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Webisode - Lucile Wheeler's Ski Helmet


Video Transcript

[Narrator - Rylan Strachan]

[Image of Lucile Wheeler with skiis, Lucile Wheeler's leather helmet]

Following the Second World War, a number of female athletes paved the way for the Canadian Women's Alpine Ski Team's rise to dominance in the international community. Lucile Wheeler's leather ski helmet symbolizes how helmets and athletes adapted to changes in skiing.

[Early images of women and men skiing]

Before modern alpine racing was developed in the 1850's, skiers did not use helmets. Safety became a concern in competitions as technology improved and speeds increased. Early designs were directly influenced by cycling helmets.
[Images of Lucile Wheeler as an adult and at age two, image of Wurtele twins]
Lucile Wheeler was born to ski. Raised near the Laurentian Mountains, she started skiing at age two, entered her first major competition in Quebec at age ten, and competed internationally by age 15. She was inspired by the Wurtele twin's athletic success.

[Action images of Lucile Wheeler and Nancy Greene skiing]

In 1956, Wheeler became the first Canadian to win an Olympic ski medal. She was one of the first Canadian skiers to wear a helmet designed for skiing. Although the leather helmet with sponge interior did not provide much protection, it increased her confidence. She became the first Canadian to win two gold medals at the 1958 World Championships.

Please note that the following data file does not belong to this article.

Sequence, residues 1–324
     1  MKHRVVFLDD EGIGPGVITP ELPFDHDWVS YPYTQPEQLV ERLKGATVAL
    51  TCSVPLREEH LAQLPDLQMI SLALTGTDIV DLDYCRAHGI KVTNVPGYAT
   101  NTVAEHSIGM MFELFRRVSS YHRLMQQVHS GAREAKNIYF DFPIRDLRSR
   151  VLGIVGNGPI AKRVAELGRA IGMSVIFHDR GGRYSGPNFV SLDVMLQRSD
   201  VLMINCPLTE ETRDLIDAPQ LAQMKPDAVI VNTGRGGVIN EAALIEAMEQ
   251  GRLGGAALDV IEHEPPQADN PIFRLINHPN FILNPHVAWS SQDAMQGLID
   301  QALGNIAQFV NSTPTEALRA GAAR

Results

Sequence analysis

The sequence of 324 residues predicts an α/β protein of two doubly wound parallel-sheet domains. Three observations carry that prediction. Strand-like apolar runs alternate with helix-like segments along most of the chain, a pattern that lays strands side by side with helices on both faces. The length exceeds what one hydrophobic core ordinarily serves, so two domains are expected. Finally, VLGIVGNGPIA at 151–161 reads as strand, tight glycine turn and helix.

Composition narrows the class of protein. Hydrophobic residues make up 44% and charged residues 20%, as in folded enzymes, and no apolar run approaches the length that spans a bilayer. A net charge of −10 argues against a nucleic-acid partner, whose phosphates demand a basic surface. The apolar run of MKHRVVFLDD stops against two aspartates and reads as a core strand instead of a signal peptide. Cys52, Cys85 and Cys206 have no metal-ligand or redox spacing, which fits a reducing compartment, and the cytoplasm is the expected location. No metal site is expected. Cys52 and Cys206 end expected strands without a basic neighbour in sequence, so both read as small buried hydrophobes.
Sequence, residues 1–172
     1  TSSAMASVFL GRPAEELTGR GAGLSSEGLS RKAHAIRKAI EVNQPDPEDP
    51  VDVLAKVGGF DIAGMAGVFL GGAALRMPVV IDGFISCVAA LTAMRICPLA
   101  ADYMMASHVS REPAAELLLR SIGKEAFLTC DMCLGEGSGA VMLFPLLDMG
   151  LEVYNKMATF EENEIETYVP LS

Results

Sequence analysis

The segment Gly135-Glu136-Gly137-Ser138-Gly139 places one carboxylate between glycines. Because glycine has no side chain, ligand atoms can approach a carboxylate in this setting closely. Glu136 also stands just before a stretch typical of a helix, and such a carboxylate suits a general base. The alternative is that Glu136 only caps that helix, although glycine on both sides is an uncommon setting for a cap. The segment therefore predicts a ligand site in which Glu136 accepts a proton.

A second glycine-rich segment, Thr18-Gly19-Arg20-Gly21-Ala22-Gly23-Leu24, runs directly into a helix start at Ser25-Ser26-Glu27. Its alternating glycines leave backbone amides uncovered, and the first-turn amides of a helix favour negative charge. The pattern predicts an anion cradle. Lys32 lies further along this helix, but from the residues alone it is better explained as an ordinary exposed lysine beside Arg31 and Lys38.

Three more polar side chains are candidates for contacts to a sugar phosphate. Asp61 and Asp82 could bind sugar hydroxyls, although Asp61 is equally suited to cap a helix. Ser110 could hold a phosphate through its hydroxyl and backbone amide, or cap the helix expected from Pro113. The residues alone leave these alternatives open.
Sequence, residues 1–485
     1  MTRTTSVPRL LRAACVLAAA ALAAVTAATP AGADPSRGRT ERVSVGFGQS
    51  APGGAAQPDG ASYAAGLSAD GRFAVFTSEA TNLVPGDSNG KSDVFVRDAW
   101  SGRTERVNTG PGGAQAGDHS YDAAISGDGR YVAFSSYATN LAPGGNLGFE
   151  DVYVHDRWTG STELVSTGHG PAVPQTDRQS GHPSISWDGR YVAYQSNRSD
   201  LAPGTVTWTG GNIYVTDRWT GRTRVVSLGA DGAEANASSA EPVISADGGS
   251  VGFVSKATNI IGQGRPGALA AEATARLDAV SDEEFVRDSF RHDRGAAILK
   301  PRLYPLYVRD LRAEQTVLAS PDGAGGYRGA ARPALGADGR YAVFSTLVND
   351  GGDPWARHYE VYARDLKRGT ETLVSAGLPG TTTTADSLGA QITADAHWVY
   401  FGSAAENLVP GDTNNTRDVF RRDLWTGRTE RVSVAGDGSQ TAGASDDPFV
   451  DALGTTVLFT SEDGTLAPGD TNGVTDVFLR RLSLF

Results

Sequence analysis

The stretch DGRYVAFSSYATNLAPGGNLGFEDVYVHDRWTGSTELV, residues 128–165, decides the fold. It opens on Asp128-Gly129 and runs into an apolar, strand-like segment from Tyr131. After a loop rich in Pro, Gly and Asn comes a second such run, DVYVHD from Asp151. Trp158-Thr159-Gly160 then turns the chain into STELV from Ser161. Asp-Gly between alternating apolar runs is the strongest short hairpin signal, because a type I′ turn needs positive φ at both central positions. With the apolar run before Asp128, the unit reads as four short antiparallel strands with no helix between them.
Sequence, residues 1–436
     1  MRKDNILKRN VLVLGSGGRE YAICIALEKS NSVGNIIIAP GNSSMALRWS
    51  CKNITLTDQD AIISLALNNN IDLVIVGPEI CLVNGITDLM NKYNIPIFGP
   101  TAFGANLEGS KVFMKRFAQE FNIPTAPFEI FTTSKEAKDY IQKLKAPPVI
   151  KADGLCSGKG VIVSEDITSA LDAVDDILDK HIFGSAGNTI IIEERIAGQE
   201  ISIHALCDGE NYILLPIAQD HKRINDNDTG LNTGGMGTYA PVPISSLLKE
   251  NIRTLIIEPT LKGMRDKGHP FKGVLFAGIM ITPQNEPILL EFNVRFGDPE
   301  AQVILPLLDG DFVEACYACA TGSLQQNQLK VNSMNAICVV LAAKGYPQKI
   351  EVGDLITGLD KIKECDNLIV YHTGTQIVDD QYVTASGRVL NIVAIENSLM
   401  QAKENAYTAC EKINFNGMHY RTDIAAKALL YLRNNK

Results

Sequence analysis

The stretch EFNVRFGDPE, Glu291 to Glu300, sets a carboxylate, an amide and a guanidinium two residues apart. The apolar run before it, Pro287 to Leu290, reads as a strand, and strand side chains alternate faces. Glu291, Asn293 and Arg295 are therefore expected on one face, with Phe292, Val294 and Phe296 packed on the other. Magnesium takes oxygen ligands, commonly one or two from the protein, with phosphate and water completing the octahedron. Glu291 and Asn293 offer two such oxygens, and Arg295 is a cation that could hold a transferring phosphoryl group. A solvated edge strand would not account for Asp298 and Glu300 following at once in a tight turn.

Hard shell helmets became a requirement after metal skis were introduced and speeds rose. Despite the excessive weight of the helmet, skier Nancy Greene persevered and captured Canada's first Olympic gold medal in 1968. This brought improved funding and recognition of the sport
[Images of skiiers wearing different helmets]

In the 1970's, helmets were made from a specialized plastic called ABS instead of fibreglass. These models were cheaper to make and were marketed to the public. Since then, the number of participants wearing helmets has steadily increased.

[Images of Kerrin-Lee Gartner and Lauren Woolstencroft]

A woman of many firsts, Wheeler was part of a supportive community of pioneers from the Canadian Women's Alpine Ski Team that continues to inspire female skiers to excel today.

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